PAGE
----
St. Spiridon Cathedral in Seattle is a Russian Orthodox cathedral complete with traditional onion-shaped domes and golden Orthodox crosses.
History of St. Spiridon Orthodox Cathedral
Founded jointly by 19th-century Greek, Russian, and Serb immigrants to Seattle, St. Spiridon Orthodox Church held its first service on September 18, 1895.
About half the congregation of 100 were born in America. The service was led by an itinerant missionary, Father Sebastian Dabovich, who soon moved on.
The Greeks of Seattle formed a separate congregation in 1918 when they obtained use of an Episcopal Church; they built St. Demetrios's Church in 1921.
In 1923, 6,000 Russians fleeing the Bolshevik Revolution passed through Seattle. St. Spiridon was an important institution in helping the refugees to settle.
In 1941, St. Spiridon's built a new church at 400 Yale Avenue N, and it was designated a cathedral. Whereas the first St. Spiridon's followed a modified New England style, the new building resembled the churches of northern Russia.
St. Spiridon's Cathedral is a member of the Orthodox Churches in America.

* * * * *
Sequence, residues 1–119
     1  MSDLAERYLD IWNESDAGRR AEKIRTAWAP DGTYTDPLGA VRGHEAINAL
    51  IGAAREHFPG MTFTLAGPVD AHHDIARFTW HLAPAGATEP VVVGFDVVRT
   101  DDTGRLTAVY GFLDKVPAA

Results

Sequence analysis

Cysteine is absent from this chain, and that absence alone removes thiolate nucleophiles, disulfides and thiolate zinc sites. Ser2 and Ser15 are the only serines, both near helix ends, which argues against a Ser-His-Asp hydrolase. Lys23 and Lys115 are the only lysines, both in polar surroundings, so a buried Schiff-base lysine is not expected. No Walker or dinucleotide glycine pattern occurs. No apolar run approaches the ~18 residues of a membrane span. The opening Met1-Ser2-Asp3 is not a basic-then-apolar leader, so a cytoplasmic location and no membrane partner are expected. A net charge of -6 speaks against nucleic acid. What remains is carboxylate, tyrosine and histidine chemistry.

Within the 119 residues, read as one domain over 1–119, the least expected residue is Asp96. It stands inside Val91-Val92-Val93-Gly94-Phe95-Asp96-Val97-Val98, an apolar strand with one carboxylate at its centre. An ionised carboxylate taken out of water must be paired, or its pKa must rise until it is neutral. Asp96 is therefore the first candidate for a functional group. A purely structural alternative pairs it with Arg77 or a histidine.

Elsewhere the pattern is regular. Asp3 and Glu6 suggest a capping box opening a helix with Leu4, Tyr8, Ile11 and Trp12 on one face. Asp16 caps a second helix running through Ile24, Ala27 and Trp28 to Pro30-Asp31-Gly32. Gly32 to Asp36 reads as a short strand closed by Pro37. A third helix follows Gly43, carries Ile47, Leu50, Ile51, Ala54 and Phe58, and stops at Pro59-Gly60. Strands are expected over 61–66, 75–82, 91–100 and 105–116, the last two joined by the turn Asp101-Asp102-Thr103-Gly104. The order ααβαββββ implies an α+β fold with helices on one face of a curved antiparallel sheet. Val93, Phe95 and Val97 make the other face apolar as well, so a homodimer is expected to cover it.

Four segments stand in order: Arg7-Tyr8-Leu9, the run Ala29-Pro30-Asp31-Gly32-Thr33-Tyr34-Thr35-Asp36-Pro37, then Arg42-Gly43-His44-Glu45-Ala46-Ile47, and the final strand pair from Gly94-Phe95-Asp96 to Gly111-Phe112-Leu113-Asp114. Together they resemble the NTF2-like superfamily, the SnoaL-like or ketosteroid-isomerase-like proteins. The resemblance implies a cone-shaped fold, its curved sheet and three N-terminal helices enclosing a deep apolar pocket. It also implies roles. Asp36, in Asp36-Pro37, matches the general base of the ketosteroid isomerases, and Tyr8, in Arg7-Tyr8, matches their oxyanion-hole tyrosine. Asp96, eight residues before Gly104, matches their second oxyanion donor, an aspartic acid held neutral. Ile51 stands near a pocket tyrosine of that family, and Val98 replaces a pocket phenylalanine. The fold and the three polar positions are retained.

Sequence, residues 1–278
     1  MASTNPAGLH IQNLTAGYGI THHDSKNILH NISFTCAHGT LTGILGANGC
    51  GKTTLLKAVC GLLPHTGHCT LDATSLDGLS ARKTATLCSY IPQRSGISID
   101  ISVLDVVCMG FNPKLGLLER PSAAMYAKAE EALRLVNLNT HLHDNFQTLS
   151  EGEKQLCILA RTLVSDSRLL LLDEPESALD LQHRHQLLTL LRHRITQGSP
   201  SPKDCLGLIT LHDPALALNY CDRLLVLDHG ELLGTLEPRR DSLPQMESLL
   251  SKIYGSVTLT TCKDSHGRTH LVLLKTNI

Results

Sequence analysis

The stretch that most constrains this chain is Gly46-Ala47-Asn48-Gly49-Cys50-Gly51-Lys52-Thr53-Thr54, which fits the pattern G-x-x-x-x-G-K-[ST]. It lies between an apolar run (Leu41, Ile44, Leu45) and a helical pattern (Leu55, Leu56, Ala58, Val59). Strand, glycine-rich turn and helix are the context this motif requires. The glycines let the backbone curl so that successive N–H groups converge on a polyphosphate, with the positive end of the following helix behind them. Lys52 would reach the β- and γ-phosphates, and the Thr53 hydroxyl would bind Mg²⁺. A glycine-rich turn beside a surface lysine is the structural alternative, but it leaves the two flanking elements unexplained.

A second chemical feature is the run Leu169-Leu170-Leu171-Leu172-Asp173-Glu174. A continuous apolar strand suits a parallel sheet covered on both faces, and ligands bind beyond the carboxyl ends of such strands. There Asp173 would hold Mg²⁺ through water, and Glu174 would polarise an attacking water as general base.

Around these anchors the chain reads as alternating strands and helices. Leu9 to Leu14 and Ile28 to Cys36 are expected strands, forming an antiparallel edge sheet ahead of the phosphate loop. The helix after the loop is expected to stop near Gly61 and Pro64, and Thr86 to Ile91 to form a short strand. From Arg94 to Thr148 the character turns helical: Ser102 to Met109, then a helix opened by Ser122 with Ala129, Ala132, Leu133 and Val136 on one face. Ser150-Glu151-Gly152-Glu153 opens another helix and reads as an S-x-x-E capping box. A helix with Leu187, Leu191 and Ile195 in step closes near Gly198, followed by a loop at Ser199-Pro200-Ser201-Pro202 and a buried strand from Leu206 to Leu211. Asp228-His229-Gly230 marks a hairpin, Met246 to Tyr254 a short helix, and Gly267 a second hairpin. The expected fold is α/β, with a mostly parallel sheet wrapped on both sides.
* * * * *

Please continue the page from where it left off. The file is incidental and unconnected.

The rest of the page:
What to See at St. Spiridon Orthodox Cathedral
St. Spiridon is a medium-sized brick building surmounted by a cluster of blue domes topped with gold crosses. The interior is dark and intimate, with the smell of incense providing instant transport to Russian and Byzantine lands.
St. Spiridon now conducts most of its services in English, but there are regular Slavonic language liturgies as well. An annual fall bazaar at St. Spiridon offers a chance to eavesdrop on Russian tradition, snack on piroshky and browse books in Cyrillic.
Quick Facts on St. Spiridon Orthodox Cathedral
|Names:||St. Spiridon Orthodox Cathedral|
|Visitor and Contact Information|
|Coordinates:||47.622158° N, 122.330162° W|
|Lodging:||View hotels near St. Spiridon Orthodox Cathedral|
- St. Spiridon Orthodox Cathedral - official website (quite attractive and comprehensive)
Map of St. Spiridon Orthodox Cathedral
Below is a location map and aerial view of St. Spiridon Orthodox Cathedral. Using the buttons on the left (or the wheel on your mouse), you can zoom in for a closer look, or zoom out to get your bearings. To move around, click and drag the map with your mouse.